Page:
Is the side-hustle for you?

We spoke to real side-hustlers to find out if juggling a job and a passion project is worth it.

‘Side hustle’ is a term that started circulating fairly recently. But what it describes  – a secondary source of income – is already common practice among millennials. Not to be confused with a part-time job, a side hustle is not only for extra cash but also usually tied to entrepreneurial ambitions. Many ‘side-hustlers’ are unsatisfied employees seeking a challenge outside their job or in a separate field of interest.

But in a world where burnout syndrome is a big enough concern it’s worth asking, how much is too much work? To understand whether all that hustle is worth the hassle, we spoke to two full-time employees who devote much of their free time to side projects. They told us about their motivations, their struggles, and their rewards — here’s what we learned.

Alena lives in Prague and juggles full-time employment as an account executive at an advertising agency with two side-gigs. “The first one is foreign language tutoring [and] the second one is the online promotion of an arts project in my hometown.” She explains how even though she charges for language tutoring occasionally, the extra cash is only a partial motivator.

She claims all her drive comes from an intrinsic desire to improve her practical language skills. “It is like going to the gym as yourself versus as a personal fitness trainer,” she compares. “While the former only works out, the latter also gets to exercise and makes some money along the way.”

Meanwhile, her second side project doing online marketing for an arts project is completely unpaid. “I also put my own money behind the online advertising campaigns,” she adds. From Alena’s perspective, spending her own earnings is not a drawback but an opportunity for professional development. “It is a great way to learn online marketing hands-on and try out new ideas and tools.”

It has been four years since Alena began splitting her time between her job, tutoring, and the arts marketing project, and she has no regrets. The only struggle, she admits, is that time management can be an issue. “With only 24 hours in a day and two hands, you cannot have everything,” she says.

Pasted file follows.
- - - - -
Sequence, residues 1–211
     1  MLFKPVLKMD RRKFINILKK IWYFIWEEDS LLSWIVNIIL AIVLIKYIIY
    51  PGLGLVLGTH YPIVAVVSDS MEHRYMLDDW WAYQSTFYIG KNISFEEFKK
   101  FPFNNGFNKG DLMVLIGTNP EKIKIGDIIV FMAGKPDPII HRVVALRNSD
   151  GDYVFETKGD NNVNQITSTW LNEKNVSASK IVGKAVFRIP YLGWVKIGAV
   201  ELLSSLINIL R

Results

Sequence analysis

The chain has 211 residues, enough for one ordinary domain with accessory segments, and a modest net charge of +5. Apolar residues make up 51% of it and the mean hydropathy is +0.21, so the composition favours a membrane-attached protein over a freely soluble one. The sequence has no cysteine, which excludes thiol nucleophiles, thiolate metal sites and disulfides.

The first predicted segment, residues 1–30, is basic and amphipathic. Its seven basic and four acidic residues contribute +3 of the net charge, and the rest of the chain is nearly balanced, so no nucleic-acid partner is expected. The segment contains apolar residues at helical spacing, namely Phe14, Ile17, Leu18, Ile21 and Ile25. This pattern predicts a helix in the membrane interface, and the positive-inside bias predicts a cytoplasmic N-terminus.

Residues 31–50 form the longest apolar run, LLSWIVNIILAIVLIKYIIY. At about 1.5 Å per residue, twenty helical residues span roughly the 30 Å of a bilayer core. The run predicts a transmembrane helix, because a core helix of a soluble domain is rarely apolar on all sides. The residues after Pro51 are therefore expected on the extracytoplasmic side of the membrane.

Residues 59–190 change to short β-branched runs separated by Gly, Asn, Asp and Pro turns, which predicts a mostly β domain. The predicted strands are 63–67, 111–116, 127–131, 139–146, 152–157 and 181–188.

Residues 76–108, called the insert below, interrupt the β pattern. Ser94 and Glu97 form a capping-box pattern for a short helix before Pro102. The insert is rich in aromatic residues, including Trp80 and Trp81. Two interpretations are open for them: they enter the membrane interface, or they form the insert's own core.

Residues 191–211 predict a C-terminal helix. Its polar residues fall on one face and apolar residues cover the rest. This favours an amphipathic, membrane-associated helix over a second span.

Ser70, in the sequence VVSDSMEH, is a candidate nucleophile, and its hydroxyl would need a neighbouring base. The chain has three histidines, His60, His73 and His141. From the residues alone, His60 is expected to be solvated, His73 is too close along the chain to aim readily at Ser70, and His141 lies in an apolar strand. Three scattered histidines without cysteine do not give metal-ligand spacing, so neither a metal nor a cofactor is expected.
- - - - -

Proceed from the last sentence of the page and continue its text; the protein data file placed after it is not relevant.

Leon is the project lead at an EduTech startup in London. Every week, he spends 50 to 55 hours per week at his job, plus an additional 4 to 5 hours working with a friend to build a platform that would make it easier for people to participate in impromptu volunteering activities.

In Leon’s case, time management is not only a personal problem but a logistical one. “He works at night and on weekends,” he says of his business partner, “and I work normal office hours.” Since his side-hustle is a collaborative project, the fact he and his business partner share different work conditions makes scheduling a common time all the more complicated.

On the other hand, he sees it a good lesson for finding time to balance work and life, as the project gives them a reason to see hang out in spite of their busy work lives. “I really think this whole thing just started with us finding time to hang out and catch up,” says Leon. “This kind of is a good excuse.”

“I think it’s hard to find the motivation after a long working day, to do something else,” Leon admits. “But I think it helps that it’s a passion project [rather] than just making money.” He compares it to his past experiences working side-jobs purely for income, saying the two are vastly different. “I’ve had bar jobs next to my actual job,” he recalls. “I would go there to make some extra cash, be there for a couple of hours and then, you know, be happy that I have the extra cash. But this is basically whenever you can, whenever you feel like it, just because you want to do it, and it’s fun. And that’s it.”

Just as in Alena’s case, it would seem that side hustles are mostly worth it when there is more in it for you than just money. Where there is an internal drive to learn a new skill, develop existing proficiencies or spend time doing something you simply enjoy, there will be a lower chance of burnout. It’s not about working every waking hour, but rather about pursuing those satisfactions which are not available to you in your day job.


Meanwhile, it also allows you to exercise skills that you don’t use at work, or to use the skills you use for a living on the pursuit of another ambition. Leon notes, for instance, how the skills gained in his full-time job will overlap into his nonprofit venture. “If we get to the stage where we actually set up a platform, then that would involve a lot of experience from my actual job.”

But ultimately: “The most rewarding thing is to do something that is completely my own. At the same time, just to do something for other people — it’s very cliché but, it makes you feel really good.”
Author:  Salwa Benaissa

My name is Salwa and I’m a copywriter and communication strategist. I have Moroccan roots, an American accent and a British sense of humour. I moved to Prague from London in 2015 and have been based here ever since. I work mainly in advertising and content marketing while freelancing as a journalist. My passions include acting, surrealist literature and complaining that the coffee I’m drinking is not strong enough.  

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